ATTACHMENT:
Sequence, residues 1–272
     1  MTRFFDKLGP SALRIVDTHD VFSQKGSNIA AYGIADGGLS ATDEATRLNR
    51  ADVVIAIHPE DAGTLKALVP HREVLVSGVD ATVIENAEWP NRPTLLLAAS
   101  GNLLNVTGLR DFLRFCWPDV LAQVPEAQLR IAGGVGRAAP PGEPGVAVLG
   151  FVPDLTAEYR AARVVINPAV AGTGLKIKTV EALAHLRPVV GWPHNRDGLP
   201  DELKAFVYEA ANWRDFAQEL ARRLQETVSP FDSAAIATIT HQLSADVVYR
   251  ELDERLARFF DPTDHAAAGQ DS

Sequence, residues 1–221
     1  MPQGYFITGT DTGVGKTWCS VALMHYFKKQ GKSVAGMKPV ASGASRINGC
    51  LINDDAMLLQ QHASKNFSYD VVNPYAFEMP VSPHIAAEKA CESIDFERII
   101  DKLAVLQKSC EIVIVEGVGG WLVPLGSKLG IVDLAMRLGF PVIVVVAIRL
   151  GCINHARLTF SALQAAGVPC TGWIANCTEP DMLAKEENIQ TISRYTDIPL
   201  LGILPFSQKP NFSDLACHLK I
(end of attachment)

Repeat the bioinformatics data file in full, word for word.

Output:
Sequence, residues 1–272
     1  MTRFFDKLGP SALRIVDTHD VFSQKGSNIA AYGIADGGLS ATDEATRLNR
    51  ADVVIAIHPE DAGTLKALVP HREVLVSGVD ATVIENAEWP NRPTLLLAAS
   101  GNLLNVTGLR DFLRFCWPDV LAQVPEAQLR IAGGVGRAAP PGEPGVAVLG
   151  FVPDLTAEYR AARVVINPAV AGTGLKIKTV EALAHLRPVV GWPHNRDGLP
   201  DELKAFVYEA ANWRDFAQEL ARRLQETVSP FDSAAIATIT HQLSADVVYR
   251  ELDERLARFF DPTDHAAAGQ DS

Sequence, residues 1–221
     1  MPQGYFITGT DTGVGKTWCS VALMHYFKKQ GKSVAGMKPV ASGASRINGC
    51  LINDDAMLLQ QHASKNFSYD VVNPYAFEMP VSPHIAAEKA CESIDFERII
   101  DKLAVLQKSC EIVIVEGVGG WLVPLGSKLG IVDLAMRLGF PVIVVVAIRL
   151  GCINHARLTF SALQAAGVPC TGWIANCTEP DMLAKEENIQ TISRYTDIPL
   201  LGILPFSQKP NFSDLACHLK I